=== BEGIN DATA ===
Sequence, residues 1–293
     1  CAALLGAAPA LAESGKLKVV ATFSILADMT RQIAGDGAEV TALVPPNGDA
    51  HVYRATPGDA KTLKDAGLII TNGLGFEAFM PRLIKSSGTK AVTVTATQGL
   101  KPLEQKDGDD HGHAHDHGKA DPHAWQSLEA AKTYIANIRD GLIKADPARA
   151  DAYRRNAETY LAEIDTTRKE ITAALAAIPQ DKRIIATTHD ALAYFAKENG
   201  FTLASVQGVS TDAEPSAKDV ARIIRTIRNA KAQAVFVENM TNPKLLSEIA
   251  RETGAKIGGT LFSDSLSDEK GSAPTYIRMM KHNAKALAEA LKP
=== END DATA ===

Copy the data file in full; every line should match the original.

Sequence, residues 1–293
     1  CAALLGAAPA LAESGKLKVV ATFSILADMT RQIAGDGAEV TALVPPNGDA
    51  HVYRATPGDA KTLKDAGLII TNGLGFEAFM PRLIKSSGTK AVTVTATQGL
   101  KPLEQKDGDD HGHAHDHGKA DPHAWQSLEA AKTYIANIRD GLIKADPARA
   151  DAYRRNAETY LAEIDTTRKE ITAALAAIPQ DKRIIATTHD ALAYFAKENG
   201  FTLASVQGVS TDAEPSAKDV ARIIRTIRNA KAQAVFVENM TNPKLLSEIA
   251  RETGAKIGGT LFSDSLSDEK GSAPTYIRMM KHNAKALAEA LKP